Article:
Paris skies were gray and lowering when we arrived on Day One… but speeding toward the city proper, patches of blue opened and our driver informed us that we had brought the sun. “It rained terrible last week,” he added as a car from a right side road cut us off. “But they have the right of way,” he explained to our astonished inquiries. “The cars from the right always do.” After lunch we took a very long and tedious metro ride to the great Eiffel tower.
This edifice, constructed for the 1889 World’s Fair 1889, is one of the most-visited paid monument in the world and stands 1,050 ft tall, about the same height as an 81-story building. From this grand height we could look out over all of Paris and beyond, a glorious view. The Eiffel has now become an icon, but in its day it was not always popular. In fact, Guy de Maupassant and Dumas hated the idea and opposed the building of the tower and opposed it with vehemence. After it was built, de Maupassant spent most of his time IN the tower, eating, writing, meeting friends. This, he was wont to say, was the only place where he didn’t have to see the tower!
It is no longer possible to climb to the top of the tower, but the second level is accessible. When we saw that there was a long queue waiting for elevators down to ground level, we decided to hoof it… and found what a long way we had to go. Afterward, (with trembling legs) we returned by way of train to our hotel, stopping to refresh ourselves at a tiny place with a giant hole in the wall for the kitchen. Here the owner-cum-cook- and- bottle- washer presented us with delicious crepes a la Paris. Voila!
On our second full day in Paris we took the train to Versailles. Half asleep in our seats, we were jolted awake by an accordion playing a rousing rendition of “When the Saints Go Marchind In.” The musician played several more numbers, passed the hat, then disappeared to play in another part of the train.
Now wide awake we stood in a long line to enter the fabled grounds of the Sun King. Lavish is not the word to describe these grounds. Guarded by machine-gun toting soldiers, Versailles is opulence crossed with extravagance and laced with excess. But it is beautiful… room after room of art, of gold and gilt, of pomp and panoply. I was taken by the enormous fireplace framed with gold grapes and vines and by the Hall of Mirrors. Not hard at all to imagine this long room filled with courtiers in wigs and jewels, each vying with the other to be more fashionable, more beautiful under the hundreds of flickering candles and framed by mirrors and gold!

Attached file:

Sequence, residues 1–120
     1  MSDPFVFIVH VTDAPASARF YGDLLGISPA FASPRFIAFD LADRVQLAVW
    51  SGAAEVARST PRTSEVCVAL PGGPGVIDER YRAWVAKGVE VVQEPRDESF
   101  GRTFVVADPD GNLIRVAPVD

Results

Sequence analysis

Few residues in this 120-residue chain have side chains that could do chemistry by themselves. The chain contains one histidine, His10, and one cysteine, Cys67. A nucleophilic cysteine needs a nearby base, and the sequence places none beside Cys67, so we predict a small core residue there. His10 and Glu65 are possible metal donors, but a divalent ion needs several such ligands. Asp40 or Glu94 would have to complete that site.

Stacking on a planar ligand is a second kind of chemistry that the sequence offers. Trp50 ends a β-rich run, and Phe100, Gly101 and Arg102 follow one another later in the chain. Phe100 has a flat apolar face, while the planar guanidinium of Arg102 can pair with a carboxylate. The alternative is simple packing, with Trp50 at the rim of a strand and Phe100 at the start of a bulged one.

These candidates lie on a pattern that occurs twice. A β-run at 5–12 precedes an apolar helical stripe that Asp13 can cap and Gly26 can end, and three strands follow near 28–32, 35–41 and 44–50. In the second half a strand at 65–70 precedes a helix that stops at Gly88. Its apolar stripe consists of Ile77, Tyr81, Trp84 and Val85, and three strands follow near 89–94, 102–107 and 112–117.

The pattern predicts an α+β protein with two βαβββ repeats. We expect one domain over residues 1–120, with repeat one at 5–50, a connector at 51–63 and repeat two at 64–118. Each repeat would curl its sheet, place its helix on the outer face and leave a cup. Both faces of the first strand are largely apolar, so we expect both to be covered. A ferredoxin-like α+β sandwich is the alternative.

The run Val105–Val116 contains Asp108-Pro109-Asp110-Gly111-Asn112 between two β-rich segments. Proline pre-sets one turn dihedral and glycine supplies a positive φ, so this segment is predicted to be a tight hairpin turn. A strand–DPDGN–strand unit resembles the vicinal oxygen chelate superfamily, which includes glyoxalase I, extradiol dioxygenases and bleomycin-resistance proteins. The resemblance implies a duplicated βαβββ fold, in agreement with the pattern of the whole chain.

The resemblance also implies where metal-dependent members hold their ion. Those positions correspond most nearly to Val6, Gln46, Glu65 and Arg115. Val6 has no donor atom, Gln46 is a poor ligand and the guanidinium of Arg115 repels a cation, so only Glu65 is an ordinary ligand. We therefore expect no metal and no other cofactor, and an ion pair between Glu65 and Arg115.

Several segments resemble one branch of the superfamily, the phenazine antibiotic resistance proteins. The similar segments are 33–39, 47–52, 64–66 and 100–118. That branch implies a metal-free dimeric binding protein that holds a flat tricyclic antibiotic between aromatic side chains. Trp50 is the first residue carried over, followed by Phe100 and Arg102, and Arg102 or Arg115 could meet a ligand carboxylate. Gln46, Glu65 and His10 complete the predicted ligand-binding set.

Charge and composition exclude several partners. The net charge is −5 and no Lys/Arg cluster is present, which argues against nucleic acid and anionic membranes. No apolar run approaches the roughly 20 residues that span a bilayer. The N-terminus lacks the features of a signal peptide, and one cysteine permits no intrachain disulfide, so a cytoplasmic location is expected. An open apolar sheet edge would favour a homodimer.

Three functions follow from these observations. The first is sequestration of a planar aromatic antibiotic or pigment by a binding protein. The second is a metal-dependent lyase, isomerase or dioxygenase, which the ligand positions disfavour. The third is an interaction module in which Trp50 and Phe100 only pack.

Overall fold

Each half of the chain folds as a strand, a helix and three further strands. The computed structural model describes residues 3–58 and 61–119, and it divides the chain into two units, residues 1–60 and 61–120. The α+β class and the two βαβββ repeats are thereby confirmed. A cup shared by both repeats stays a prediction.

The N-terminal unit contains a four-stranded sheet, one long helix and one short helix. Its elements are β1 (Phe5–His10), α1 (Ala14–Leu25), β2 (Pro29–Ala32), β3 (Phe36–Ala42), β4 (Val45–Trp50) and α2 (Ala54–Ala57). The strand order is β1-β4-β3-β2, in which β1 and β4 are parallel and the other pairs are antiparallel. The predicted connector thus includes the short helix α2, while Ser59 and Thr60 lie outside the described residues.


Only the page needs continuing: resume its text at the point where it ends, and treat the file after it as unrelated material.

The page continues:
Danced through life never heeding
What came tomorrow.
The grounds of Versailles stretch miles upon miles, but we didn’t get much farther than gardens filled with the most glorious flowers. I identified cosmos, delphinium, poppies, dahlias and roses… all in perfect bloom. Beyond the formal gardens were fountains and—more important—food. French bread cradling ham and cheese and most excellent French (definitely) fries!
By the time we left Versailles, storm clouds were gathering, but we wanted to see the Arc de Triomphe, and so we embarked on another train ride. Unfortunately, we miscalculated our timing and though we hurried when we reached our stop, only half of our party made it through the door! While we were waiting for these laggards to catch up to us, the heavens opened and it poured. But did we give in? Never! Before us rose the Arc under which each conquering army rode or drove since the time of Napoleon (Some of these armies had to ride out again in defeat, too). We climbed the stairs to the top of the edifice which, like the spirals of a chambered Nautilus, wove round and round narrow stairs that left me gasping for breath. Coming down the Eiffel was easy compared to this climb!
Some of us elected to stay on, but we old folk had had it. We found our metro by dint of asking several people for directions—policemen, people on the street, students—all of them unfailingly helpful. The myth of unfriendly Parisiens was dispelled once and for all by a kind lady on the Metro who told us where we needed to change lines and actually guided us to the spot. In fact, the only sour apple we came across was the guardian of the womens’ bathroom in the Eiffel—and since she was nasty to everyone without exception, I think we can delete her as an example of French hospitality.
Tomorrow… the Louvre!